Mar 11, 2020
Automatic conversion of optical designs into CAD parts accelerates manufacturability
As you may know, Zemax recently launched a new product called OpticsBuilder, which enables CAD users — such as mechanical engineers and optomechanical engineers — to develop better products more quickly and with greater design fidelity. OpticsBuilder does this by helping users convert optical designs more efficiently, analyze how their packaging impacts optical performance, and create optical drawings for export to manufacturing. In this blog post, we showcase one of the features that’s getting a lot of positive attention, namely the flawless conversion of lens design data from OpticStudio into native CAD parts in OpticsBuilder.
Challenge: Time wasted manually converting optical designs to CAD formats
Because optical engineers and optomechanical engineers work in disparate software programs, optical designs need to be converted to CAD parts in order to begin the mechanical packaging design phase, as well as to ensure accuracy of the packaging. This requires manually recreating optical designs within the CAD environment, a process which can take hours if not days — and which needs to be repeated whenever starting a new project. The burden on CAD users is significant, impeding their ability to quickly produce the highest-quality packaging designs.
* Solution: Automated, push-button conversion of lens design data to CAD
Through smooth integration with OpticStudio, OpticsBuilder automatically converts design data to CAD parts. Here’s how it works. (Note that OpticsBuilder is currently available for SOLIDWORKS, with a Creo version releasing in May. Both require the use of OpticStudio release 20.1.)
OpticsBuilder sits within SOLIDWORKS. A feature in OpticStudio called Prepare for OpticsBuilder saves the optical designs in a format called a .ZBD file. The .ZBD filetype is a powerhouse, providing everything the OpticsBuilder user needs, including a .ZAR file, sequential and non-sequential designs, a set of critical rays, intended paths, ISO 10110 drawing data, and more. Prepare for OpticsBuilder maintains the design fidelity intended by the optical engineer through hand-off to optical team members.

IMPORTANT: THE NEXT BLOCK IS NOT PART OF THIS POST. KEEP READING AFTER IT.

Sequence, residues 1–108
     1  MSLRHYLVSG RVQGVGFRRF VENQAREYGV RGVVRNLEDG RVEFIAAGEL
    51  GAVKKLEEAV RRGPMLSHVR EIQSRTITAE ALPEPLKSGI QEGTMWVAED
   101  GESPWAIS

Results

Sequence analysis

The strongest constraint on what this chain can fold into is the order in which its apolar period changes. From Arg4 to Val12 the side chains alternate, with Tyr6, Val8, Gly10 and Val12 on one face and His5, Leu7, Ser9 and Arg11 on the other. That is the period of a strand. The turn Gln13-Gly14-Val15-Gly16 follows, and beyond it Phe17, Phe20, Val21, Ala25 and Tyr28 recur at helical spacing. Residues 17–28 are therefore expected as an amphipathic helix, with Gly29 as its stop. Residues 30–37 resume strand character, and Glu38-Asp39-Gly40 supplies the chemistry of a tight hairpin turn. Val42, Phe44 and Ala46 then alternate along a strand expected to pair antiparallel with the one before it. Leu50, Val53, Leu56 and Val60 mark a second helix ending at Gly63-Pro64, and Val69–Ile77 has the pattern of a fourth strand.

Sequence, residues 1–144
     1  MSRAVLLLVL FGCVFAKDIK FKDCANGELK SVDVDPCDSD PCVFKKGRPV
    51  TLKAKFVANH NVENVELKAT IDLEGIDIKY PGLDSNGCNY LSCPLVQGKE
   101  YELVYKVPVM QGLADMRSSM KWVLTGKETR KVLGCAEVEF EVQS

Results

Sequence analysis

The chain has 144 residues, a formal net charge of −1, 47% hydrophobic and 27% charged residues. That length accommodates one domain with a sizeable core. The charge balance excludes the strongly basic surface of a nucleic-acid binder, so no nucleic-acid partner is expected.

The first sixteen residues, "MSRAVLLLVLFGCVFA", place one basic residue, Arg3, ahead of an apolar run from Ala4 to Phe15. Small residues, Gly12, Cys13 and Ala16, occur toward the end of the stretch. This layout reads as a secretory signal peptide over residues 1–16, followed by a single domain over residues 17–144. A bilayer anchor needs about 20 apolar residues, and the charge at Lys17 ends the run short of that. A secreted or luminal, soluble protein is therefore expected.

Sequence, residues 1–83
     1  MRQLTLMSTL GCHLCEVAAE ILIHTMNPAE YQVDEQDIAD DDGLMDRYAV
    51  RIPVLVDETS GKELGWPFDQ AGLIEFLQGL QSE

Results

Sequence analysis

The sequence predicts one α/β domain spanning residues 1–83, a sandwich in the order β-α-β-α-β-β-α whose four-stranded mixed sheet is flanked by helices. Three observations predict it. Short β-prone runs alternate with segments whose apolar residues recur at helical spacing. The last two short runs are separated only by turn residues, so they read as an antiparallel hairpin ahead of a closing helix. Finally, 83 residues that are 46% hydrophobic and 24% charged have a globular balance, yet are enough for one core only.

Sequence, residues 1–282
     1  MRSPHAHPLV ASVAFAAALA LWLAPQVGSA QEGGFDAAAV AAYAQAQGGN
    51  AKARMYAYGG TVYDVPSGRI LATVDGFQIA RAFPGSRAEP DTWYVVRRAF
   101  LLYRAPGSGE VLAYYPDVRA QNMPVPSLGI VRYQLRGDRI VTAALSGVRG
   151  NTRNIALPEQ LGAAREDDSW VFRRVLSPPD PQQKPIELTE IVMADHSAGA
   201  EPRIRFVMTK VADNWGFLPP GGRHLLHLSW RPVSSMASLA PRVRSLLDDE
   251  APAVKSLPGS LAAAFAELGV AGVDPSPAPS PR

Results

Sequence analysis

* After December 31, 2021 OpticsBuilder for SolidWorks is no longer available.
Sample file conversion
This video depicts the automatic conversion of an optical design file saved in the .ZBD format from OpticStudio into OpticsBuilder. The sample file is a Heliar camera lens example. Note that OpticsBuilder is creating the geometries for each of the components in the optical design. And it isn’t simply loading the .ZBD file but instead converting the optical data using the SOLIDWORKS API, which then makes calls to create all of the components into native CAD parts. To generate all of these items manually within CAD might take hours, but within OpticsBuilder it takes about a minute.
Note also that, at the end of the conversion, OpticsBuilder populates the critical rays that were sent from OpticStudio, so that the CAD user can begin designing the packaging right away without needing to run an initial simulation. These critical rays may be turned off or on with the click of a button at any point during the design phase.
As shown in the video, OpticsBuilder eliminates the need to recreate optical geometry. This saves valuable time, allowing users to get to the design phase faster without errors that can be introduced manually. And optical fidelity is maintained through the loading of the entire optical design, including lens materials, positions, sources, wavelengths, and detectors. Mechanical engineers can design packaging faster by being able to easily view boundary rays and by using mathematically-driven optical geometry.
Check out our webinar for more about OpticsBuilder
Zemax Product Manager Lisa Clauson and Zemax Product Marketing Micah Merek recently hosted a 30-minute webinar where they provided an in-depth discussion of the fast and flawless conversion of optical designs in OpticsBuilder, as well as other key features. Please to view the webinar, or the resources on our OpticsBuilder page.